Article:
Wednesday 30 April 2014

Another one bites the dust

World Champion Magnus Carlsen has recovered from a middling start to win the 2014 Gashimov Memorial after defeating co-leader Fabiano Caruana in the final round. Caruana, who is touted as a future challenger for Carlsen's title, lost control of the position early on, and despite an attempt to hack on the king side, was always behind. He resigned after realising he was running out of checks, and could not defend against Carlsen's two queens. Carlsen score 6.5/10, with 5 wins, 2 losses and 3 draws. Caruana finished in second place with 5.5, although he can be caught by either Nakamura or Radjabov, who are still playing their final round game.
If you wish to catch the result of this final game, or in fact all the games in the event (plus the accompanying B tournament) the visit the official homepage.

Tuesday 29 April 2014

Never go in against a Sicilian when death is on the line

So goes a famous line from "The Princess Bride". Unfortunately for my opponent, Ian Hosking, he decided he had enough of facing the Closed Sicilian, and deviated at move 2 with 2. ... e5. This still has a Sicilian flavour, as after 3.f4 we've transposed into the Mafia Variation of the Kings Gambit. The rest of the (brief) game was a bit of mix and match, where he played both the Be7 and g5 variations of the KGA, while I just concentrated on developing as many pieces as possible.
Despite, or maybe because of, the quick finish, this won't be remembered as one of the better games in the Press v Hosking series.

Press,Shaun - Hosking,Ian [B23]
Murphy Memorial, 29.04.2014

Monday 28 April 2014

The stuff nightmares are made of

By beating Hikaru Nakamura for the 2nd time in the Gashimov Memorial, Magnus Carlsen has extended his record to 10 wins and 0 losses over Nakamura at classical chess. In both games Nakamrua was better at one point, but as in a number of previous games, allowed Carlsen to equalise and then take control. No doubt the mounting score has something to do with this, as Nakamura must be wondering where his first win is going to come from.
While such lopsided scores aren't that uncommon in chess, this one stands out in part due to the margin, but also due to Nakamura's recent claim that he is Carlsen's biggest threat. The unfortunate side effect of this claim is that every game is seen as a test of its accuracy.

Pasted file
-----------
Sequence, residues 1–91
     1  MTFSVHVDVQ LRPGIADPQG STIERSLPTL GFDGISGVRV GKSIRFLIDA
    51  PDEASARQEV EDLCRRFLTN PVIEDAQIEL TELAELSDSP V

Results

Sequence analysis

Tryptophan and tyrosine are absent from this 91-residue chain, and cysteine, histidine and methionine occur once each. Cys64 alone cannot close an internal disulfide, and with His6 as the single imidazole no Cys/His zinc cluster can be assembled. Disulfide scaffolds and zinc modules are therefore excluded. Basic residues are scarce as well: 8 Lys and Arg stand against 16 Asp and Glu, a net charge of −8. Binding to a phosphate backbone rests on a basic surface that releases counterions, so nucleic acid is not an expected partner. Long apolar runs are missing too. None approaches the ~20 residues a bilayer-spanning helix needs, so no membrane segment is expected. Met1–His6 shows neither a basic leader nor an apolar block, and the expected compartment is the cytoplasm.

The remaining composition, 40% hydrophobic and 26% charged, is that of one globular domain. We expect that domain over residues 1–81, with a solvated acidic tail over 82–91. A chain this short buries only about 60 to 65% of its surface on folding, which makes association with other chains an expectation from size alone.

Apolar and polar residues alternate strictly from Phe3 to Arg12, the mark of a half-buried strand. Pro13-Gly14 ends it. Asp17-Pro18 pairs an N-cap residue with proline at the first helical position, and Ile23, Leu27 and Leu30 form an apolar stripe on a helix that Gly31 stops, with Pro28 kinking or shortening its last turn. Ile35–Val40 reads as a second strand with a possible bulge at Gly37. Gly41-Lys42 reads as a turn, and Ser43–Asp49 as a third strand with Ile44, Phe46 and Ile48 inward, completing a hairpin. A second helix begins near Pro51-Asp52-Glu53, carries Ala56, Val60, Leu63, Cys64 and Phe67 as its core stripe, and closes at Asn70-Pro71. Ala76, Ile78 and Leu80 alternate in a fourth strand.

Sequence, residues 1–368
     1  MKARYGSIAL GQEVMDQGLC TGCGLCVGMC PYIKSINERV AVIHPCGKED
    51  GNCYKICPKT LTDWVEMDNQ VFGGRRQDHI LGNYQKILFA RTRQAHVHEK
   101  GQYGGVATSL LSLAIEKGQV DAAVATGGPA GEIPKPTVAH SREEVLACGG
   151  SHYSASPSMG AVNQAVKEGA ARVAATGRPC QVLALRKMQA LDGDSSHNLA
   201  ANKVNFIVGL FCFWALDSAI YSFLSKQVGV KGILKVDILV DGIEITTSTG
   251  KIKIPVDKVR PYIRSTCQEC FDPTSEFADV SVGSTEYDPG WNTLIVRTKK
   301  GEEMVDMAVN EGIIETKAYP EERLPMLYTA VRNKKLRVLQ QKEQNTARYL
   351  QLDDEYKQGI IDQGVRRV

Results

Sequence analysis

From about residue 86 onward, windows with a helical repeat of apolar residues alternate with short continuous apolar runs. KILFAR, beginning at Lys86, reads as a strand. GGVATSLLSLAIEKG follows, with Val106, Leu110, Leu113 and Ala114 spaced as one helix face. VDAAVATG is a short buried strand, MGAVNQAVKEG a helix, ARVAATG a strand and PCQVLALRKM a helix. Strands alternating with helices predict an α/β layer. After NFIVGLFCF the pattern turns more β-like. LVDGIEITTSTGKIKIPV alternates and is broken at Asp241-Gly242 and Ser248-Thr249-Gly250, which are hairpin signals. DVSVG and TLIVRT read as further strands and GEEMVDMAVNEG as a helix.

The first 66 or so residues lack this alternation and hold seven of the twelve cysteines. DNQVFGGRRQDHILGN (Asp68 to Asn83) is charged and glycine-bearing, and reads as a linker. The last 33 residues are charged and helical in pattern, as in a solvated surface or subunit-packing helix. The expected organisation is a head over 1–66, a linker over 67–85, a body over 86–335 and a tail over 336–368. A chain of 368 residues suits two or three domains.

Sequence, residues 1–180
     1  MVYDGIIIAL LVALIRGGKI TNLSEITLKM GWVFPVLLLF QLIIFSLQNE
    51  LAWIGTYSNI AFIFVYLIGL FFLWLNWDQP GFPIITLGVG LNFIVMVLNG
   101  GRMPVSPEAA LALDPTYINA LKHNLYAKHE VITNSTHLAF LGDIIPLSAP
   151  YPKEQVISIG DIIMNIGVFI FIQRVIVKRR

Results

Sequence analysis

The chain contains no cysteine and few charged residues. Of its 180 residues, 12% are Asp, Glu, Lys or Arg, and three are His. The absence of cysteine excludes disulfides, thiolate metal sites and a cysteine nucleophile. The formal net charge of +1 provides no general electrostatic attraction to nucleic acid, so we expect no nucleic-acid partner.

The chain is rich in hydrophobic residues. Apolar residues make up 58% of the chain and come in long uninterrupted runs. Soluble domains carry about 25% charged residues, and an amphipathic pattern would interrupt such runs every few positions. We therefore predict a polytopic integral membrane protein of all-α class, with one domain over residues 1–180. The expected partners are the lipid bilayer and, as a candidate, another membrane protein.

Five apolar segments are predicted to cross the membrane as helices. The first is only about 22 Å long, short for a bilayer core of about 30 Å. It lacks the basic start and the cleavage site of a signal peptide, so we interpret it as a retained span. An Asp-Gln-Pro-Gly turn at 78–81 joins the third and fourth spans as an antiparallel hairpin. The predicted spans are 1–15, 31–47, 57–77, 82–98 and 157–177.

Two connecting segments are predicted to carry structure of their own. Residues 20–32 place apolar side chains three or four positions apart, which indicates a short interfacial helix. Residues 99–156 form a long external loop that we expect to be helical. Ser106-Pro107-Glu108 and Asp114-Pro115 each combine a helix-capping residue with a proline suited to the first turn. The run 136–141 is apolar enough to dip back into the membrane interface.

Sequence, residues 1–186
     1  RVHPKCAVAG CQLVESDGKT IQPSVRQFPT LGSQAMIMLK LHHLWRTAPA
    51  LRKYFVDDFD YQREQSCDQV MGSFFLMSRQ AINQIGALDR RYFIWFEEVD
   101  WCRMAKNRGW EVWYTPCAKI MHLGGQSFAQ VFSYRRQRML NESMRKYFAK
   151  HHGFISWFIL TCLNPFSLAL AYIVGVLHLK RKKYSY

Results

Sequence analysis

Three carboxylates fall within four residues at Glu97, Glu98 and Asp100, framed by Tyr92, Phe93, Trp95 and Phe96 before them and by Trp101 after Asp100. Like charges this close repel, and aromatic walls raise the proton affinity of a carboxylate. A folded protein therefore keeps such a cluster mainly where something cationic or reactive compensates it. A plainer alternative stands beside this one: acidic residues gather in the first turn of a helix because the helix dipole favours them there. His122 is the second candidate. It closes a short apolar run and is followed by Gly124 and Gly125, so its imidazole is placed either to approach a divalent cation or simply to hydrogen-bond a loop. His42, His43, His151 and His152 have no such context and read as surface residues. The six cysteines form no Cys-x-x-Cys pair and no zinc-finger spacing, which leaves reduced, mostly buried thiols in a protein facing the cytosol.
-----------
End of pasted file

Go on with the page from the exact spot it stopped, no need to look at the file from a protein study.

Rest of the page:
Of course Nakamura could turn it around. Bobby Fischer lost a fair number of games against Mikhail Tal before scoring his first win, and he had never beaten Boris Spassky until their World Championship match. Of course Fischer then made it hard for any one else to even the score with him by retiring in 1972 (apart from one match in 1992).
Of course it can be a matter of timing. I have a +5 score (no losses) against a couple of strong players, but this was achieved early in their careers, and it is unlikely we will meet over the board anytime soon. On the other hand I have lost all 4 games I have played against Fritz Van der Waal, and as I mainly play club chess these days, I can't see myself turning that around in the near future.

Sunday 27 April 2014

2014 Sydney International Open - Moulthun Ly triumphant

IM Moulthun Ly has won the 2014 Sydney International Open with a final round draw over GM Levente Vajda. The draw moved him to 7/9, a left him half a point clear of the chasing pack. As well as picking up the $4000 first prize, Ly also scored his first GM norm, having a performance rating of 2623. He went through the event undefeated, scoring 5 wins and 4 draws.
Five players tied for second place. They were GM Liviu Nisipeanu, GM Levente Vajda, FM Junta Ikeda, GM Loek Van Wely and Ke Mu. FM Junta Ikeda scored another IM norm, his fourth, but more importantly moved his rating over 2400, thereby confirming his IM title. Untitled Ke Mu fell an agonising 3 points short of an IM norm, despite a last round win over compatriot Qilin Bao.
In the Challengers, Tony Weller timed his finishing run to perfection, overtaking previous leader Paul Russell after winning their final round game.Weller won his last 5 games to finish on 7.5/9. Russell tied for second with Arif Hassani, half a point back.

Ly,Moulthun - Vajda,Levente [C88]
2014 Sydney International (9.1), 27.04.2014

Saturday 26 April 2014

2014 Sydney International Open - Day 4

The rising generation of Australian chess stars is coming to the fore in the final rounds of the 2014 Sydney International Open. IM Moulthun Ly leads the tournament on 6.5, ahead of GM Liviu-Dieter Nispeanu, GM Levente Vajda, GM Hrant Melkumyan and FM Junta Ikeda. By drawing the Nispeanu, Ikeda looks to have gained enough rating points to reach 2400 and confirm his IM title. As an added bonus he also has a chance of scoring a GM norm, but needs to beat GM Darryl Johansen in the final round to do so. Ly is also in the running for a GM norm, needing at least half a point against Vajda in their final round game.